Why is the Crucifixion Cross draped?
The drapery of the cross is a Christian tradition to commemorate important events in the life of Jesus.
Several colors are associated with Easter and have deep symbolic meanings in Christian contexts. According to Encyclopedia Britannica, these associations began as early as the 1100s, when Pope Innocent III set out descriptions of the appropriate colors to be used during specific liturgical proceedings. www.britannica.com/
Today, many of these colors are still used to celebrate the Easter season: purple, white, red, pink, black, green, gold.
Three different colors of fabric are used in draping the cross during the Easter season (beginning with Palm Sunday and continuing through His Ascension to Heaven): purple, black, and white.
On Palm Sunday, the cross should be draped in purple fabric, which represents Jesus' royalty - it signifies the importance of Jesus Christ entering Jerusalem as King.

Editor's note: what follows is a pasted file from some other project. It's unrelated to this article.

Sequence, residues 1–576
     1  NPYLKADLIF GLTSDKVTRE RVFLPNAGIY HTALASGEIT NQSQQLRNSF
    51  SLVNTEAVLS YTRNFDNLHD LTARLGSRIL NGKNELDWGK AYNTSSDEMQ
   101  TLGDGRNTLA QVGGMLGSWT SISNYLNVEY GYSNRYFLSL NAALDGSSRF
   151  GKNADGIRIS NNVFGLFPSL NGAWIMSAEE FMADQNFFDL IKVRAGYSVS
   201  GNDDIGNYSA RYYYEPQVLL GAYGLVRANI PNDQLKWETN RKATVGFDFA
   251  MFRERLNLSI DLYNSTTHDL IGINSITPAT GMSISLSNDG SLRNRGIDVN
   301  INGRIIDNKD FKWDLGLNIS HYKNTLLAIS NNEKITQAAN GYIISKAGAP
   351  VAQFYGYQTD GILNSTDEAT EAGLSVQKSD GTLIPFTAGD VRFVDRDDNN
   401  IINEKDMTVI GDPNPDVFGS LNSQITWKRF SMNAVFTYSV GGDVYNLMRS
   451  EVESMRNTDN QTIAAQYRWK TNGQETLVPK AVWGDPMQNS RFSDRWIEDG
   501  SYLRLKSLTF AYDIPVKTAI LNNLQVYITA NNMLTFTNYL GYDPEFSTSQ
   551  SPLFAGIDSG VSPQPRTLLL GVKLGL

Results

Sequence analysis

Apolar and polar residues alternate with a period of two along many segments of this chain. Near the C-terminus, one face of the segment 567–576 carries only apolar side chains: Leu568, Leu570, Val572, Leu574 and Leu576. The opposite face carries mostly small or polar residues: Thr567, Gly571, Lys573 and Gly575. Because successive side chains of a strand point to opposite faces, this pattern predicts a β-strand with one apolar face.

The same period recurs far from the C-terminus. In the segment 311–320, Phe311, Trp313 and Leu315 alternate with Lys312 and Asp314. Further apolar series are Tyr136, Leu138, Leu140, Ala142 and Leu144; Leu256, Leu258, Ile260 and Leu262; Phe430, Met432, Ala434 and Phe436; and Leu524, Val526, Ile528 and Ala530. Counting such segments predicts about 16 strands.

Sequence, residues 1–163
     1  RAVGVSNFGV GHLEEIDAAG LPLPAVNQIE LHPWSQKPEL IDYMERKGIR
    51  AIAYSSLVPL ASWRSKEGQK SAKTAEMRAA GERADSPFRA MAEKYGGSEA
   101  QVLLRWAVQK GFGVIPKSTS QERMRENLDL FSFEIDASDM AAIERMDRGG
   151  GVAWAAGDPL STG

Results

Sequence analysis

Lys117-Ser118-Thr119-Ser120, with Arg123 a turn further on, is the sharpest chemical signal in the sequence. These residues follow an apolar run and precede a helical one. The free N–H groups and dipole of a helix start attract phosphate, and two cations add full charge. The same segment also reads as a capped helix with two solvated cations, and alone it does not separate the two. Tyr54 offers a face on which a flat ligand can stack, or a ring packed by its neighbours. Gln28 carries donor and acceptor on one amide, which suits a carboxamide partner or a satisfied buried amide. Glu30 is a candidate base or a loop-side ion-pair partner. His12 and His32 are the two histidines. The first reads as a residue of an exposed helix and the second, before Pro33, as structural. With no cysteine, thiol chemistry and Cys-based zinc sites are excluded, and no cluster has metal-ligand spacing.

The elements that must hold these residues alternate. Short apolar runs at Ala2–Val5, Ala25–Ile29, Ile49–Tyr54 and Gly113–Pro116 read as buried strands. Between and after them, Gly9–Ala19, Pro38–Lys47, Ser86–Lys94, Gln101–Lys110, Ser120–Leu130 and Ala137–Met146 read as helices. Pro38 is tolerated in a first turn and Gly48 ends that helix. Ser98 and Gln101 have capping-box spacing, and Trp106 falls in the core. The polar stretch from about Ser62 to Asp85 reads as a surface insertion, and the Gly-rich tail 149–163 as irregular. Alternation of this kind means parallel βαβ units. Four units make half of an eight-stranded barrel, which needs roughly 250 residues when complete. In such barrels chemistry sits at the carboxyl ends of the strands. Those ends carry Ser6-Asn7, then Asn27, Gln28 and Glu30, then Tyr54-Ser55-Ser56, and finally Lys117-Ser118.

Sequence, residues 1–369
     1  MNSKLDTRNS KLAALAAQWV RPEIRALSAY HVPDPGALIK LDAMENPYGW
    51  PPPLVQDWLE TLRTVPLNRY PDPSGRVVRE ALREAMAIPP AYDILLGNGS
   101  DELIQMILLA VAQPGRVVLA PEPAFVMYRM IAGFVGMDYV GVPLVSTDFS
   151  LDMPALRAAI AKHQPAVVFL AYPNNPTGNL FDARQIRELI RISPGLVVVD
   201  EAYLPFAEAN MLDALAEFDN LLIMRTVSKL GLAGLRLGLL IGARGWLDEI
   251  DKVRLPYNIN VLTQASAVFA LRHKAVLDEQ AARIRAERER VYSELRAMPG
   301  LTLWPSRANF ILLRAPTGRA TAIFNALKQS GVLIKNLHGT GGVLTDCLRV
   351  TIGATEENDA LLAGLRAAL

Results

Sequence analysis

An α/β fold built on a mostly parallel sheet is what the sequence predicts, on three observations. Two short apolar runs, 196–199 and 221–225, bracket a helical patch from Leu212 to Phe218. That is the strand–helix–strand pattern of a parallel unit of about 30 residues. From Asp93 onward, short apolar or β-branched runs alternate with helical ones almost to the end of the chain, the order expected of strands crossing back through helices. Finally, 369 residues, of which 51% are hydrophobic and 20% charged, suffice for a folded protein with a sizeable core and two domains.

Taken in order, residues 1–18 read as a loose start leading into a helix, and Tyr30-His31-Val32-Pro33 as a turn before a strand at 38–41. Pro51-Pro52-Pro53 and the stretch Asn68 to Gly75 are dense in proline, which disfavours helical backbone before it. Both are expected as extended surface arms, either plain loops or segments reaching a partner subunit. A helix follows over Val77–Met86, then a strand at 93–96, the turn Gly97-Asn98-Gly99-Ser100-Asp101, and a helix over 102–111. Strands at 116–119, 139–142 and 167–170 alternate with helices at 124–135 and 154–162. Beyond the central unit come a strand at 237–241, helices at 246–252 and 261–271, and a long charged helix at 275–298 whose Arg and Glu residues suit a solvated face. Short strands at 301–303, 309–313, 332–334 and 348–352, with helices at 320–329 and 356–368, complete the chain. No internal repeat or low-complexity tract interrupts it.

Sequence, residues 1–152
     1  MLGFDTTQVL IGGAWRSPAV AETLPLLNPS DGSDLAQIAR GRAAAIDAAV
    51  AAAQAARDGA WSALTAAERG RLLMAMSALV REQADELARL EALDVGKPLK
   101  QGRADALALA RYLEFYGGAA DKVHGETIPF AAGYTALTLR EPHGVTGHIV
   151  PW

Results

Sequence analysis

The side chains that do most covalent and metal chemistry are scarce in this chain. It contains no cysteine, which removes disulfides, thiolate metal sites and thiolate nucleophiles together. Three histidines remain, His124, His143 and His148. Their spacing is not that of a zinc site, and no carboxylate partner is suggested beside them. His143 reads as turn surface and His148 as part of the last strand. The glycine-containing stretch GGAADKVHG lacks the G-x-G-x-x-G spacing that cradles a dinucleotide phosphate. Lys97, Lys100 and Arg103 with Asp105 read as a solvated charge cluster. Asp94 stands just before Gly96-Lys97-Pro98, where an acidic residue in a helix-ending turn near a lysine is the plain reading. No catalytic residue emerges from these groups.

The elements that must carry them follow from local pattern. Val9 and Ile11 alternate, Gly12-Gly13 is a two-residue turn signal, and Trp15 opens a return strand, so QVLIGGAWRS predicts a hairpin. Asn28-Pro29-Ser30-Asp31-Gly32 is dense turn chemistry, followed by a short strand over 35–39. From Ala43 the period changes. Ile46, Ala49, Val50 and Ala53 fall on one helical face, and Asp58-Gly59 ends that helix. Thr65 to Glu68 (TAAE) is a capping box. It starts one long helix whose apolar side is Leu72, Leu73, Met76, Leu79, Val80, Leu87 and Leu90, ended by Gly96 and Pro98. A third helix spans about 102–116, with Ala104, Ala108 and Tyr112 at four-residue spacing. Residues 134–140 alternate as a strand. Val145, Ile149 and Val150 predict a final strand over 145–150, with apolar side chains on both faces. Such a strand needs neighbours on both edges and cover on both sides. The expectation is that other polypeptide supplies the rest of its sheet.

On Good Friday, the cross should be draped in black fabric, representing the death of Jesus Christ as full payment for the sins of all mankind.
On Easter Sunday, the cross should be draped in white until Ascension Day, which occurs 39 days after Easter Sunday. The white draping represents the resurrection of Jesus Christ from the dead.
The empty cross is a reminder to all the world that "God so loved the world, that He gave His only begotten Son, that whosoever believeth in Him should not perish, but have everlasting life" (John 3:16).
Ask a QuestionHere are the questions asked by community members. Read on to see the answers provided by the ThriftyFun community or ask a new question.
Do you drape the cross that is placed over the baptistery with a cloth at Easter?
The cross gets draped with a purple cloth (and thorn of crowns if you want) during Holy Week; replace it with a white cloth before Easter morning.
How long do you leave the white pall on the cross after Easter?
By Leanne from Destin, FL
The white cloth should remain on the cross from Easter Sunday to Ascension Day. This is celebrated on a Thursday, 39 days after Easter Sunday.